Tuesday, January 8, 2013

Episode V: Second Fiddle To The Hair

From time to time when there are actually people interested, I will give drum lessons. I usually don't charge all that much, because it's kind of a competitive field in a town full of hundreds of unemployed graduates of bachelor of music programs who majored in percussion. I've actually attempted that one twice, but dropped out twice after waking up (yes, twice) to the fact that there was virtually no possible way of making a living as a musician. So, one day, in the midst of one of my frequent stretches of unemployment, I went in to some local music stores and asked if they would add me to their list of music lesson instructors they refer customers to. As expected, nothing came of it, and I kind of forgot about it.

Many months later I got a phone call from some guy who worked for a production company. He had been hired by the people putting on a convention for General Motors dealers to be held in Las Vegas. He said they wanted to put together a percussion ensemble to perform on the last night of the convention. I was a little skeptical that I would actually get paid 300 actual American dollars to play the drums, but I accepted, because I figured it would be interesting to see where the whole thing went anyway.

I showed up to rehearsal, which was held at a high school's band room (flood of awkward memories) and started mingling with the other ensemble players. None of us knew quite what to expect. The diversity of musical styles and backgrounds represented was a little interesting. We had a guy who played drums for an Elvis tribute band, a drummer for a smooth jazz outfit, a girl who just finished her masters degree in percussion, a Cuban, Latin percussion specialist, a drummer from a top 40 cover band, and some dude with a thick Eastern European accent with really long dark hair.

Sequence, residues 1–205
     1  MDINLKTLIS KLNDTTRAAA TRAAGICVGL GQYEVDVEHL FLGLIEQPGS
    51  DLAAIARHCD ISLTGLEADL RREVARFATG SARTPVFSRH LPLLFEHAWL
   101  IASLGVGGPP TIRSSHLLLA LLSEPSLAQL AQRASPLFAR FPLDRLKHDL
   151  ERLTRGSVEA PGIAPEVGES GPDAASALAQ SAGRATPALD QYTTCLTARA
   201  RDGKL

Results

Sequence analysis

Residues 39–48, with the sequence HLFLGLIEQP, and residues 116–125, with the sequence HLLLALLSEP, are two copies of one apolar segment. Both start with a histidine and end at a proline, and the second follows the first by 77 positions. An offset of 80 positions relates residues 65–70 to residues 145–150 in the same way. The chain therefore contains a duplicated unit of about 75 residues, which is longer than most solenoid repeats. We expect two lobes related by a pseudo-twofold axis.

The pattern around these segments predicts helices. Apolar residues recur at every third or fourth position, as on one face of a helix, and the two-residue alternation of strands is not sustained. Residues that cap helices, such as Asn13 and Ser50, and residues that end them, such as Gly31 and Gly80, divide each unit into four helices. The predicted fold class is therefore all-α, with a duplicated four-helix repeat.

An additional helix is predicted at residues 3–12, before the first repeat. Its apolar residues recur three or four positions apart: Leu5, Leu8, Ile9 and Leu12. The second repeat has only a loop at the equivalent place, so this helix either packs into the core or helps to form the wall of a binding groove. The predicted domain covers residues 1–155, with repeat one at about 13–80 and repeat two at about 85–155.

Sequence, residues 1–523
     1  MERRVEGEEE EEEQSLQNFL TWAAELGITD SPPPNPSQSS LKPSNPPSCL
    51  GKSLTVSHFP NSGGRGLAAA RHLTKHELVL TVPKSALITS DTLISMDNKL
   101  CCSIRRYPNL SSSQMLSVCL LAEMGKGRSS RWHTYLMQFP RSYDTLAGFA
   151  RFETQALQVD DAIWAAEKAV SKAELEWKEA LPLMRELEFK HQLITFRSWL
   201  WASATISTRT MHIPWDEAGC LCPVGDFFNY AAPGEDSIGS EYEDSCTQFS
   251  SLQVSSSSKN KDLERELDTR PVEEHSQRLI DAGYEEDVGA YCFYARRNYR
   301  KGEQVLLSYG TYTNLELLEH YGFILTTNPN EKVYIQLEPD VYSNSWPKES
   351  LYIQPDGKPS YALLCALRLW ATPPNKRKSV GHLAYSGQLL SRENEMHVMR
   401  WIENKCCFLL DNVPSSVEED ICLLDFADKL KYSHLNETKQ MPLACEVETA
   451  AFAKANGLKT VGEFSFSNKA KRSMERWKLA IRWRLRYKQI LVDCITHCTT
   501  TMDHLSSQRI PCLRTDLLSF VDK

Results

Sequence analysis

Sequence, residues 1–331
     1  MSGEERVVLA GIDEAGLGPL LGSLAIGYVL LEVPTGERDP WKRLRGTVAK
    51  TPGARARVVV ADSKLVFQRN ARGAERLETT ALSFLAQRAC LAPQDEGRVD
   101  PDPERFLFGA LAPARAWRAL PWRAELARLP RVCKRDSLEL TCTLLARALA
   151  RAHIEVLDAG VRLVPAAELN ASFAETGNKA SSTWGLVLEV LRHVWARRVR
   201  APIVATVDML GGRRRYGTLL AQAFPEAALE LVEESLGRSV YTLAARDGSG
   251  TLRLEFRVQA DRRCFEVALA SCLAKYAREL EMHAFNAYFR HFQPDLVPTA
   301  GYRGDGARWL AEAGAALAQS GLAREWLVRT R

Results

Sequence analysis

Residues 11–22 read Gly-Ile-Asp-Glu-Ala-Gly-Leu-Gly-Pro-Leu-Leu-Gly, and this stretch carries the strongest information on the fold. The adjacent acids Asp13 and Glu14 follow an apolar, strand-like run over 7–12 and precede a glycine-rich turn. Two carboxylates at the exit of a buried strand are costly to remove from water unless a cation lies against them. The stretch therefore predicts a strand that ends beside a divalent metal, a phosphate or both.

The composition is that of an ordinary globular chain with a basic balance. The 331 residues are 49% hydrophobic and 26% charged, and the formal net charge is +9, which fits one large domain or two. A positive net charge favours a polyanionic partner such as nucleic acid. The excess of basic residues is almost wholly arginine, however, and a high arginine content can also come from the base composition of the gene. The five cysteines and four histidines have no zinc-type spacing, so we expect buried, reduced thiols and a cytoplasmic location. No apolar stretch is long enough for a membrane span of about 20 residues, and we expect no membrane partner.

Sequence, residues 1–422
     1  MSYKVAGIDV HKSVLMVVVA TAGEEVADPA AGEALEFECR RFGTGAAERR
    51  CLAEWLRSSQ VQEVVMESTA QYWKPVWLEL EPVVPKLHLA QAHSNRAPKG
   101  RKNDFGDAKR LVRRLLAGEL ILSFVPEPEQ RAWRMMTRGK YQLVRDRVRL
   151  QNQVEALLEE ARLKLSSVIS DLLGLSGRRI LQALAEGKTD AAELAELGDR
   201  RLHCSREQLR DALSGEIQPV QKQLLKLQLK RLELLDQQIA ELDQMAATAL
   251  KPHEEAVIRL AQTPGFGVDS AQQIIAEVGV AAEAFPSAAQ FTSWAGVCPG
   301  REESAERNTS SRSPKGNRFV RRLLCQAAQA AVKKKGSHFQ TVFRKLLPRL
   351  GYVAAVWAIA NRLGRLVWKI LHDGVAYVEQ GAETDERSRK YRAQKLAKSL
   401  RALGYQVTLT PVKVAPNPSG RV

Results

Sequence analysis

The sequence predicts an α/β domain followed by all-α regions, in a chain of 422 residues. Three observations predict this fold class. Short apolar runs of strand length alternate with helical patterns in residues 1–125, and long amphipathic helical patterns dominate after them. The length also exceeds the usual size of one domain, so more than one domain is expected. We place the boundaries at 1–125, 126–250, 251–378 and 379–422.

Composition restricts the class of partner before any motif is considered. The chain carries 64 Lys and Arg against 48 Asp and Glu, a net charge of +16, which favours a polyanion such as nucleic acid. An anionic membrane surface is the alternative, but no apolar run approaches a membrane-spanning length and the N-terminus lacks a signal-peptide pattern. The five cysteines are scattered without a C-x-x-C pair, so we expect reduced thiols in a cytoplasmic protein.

It turns out one of the band teachers from the high school where we rehearsed was hired to put it all together, but he wouldn't be available for the performance. He decided it would be best to go in the direction of a drum line sort of thing with the Latin percussion guy doing his own thing on the side, because dang. He was good. We would be accompanying a troupe of acrobats on loan from Cirque Du Soleil. They would be suspended from giant bungee cords, doing their thing while we provided the music.

Most of the other guys were a little nervous about revealing their lack of drum line chops, but I was actually really into it. I spent a lot of time in drum line when I was a kid and a few years earlier in college, so it hadn't been as long for me as it had for most everyone else. All those years in drum line resulted in a serious social awkwardness problem and an overdeveloped and useless skill set, but now, strangely enough, here I was getting offered money for it. I was blown away, and I almost felt a little bit proud to be a band geek. I mean, here I was, getting the large sum of $300 for simply enduring several years of band geekdom at the bottom of the social ladder, where it's 100% safe from any nervous, intimate moments with attractive women. Sure, I had to endure getting spat upon by opposing football fans. Sure, I had to wear uniforms so tacky it almost seemed as if somebody with a grudge against me was doing it on purpose. Sure, I still remember having actual fruit thrown at me by the football players while marching in a parade, but none of that mattered anymore, because I was about to earn a whole $10/hour for approximately 30 hours total of rehearsal, waiting in the green room, and performing in front of hundreds of drunken car salesmen. I'm so glad I spent all of those lonely hours in my bedroom, practicing drum rudiments endlessly on a pillow, instead of making friends.